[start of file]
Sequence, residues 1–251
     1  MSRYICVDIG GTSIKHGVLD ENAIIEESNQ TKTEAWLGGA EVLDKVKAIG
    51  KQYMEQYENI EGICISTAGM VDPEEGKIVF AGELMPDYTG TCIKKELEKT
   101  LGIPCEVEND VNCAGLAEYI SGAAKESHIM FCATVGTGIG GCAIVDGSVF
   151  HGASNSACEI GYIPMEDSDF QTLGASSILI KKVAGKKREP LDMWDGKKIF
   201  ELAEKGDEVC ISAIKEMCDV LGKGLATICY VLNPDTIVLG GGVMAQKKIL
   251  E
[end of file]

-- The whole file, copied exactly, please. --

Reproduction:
Sequence, residues 1–251
     1  MSRYICVDIG GTSIKHGVLD ENAIIEESNQ TKTEAWLGGA EVLDKVKAIG
    51  KQYMEQYENI EGICISTAGM VDPEEGKIVF AGELMPDYTG TCIKKELEKT
   101  LGIPCEVEND VNCAGLAEYI SGAAKESHIM FCATVGTGIG GCAIVDGSVF
   151  HGASNSACEI GYIPMEDSDF QTLGASSILI KKVAGKKREP LDMWDGKKIF
   201  ELAEKGDEVC ISAIKEMCDV LGKGLATICY VLNPDTIVLG GGVMAQKKIL
   251  E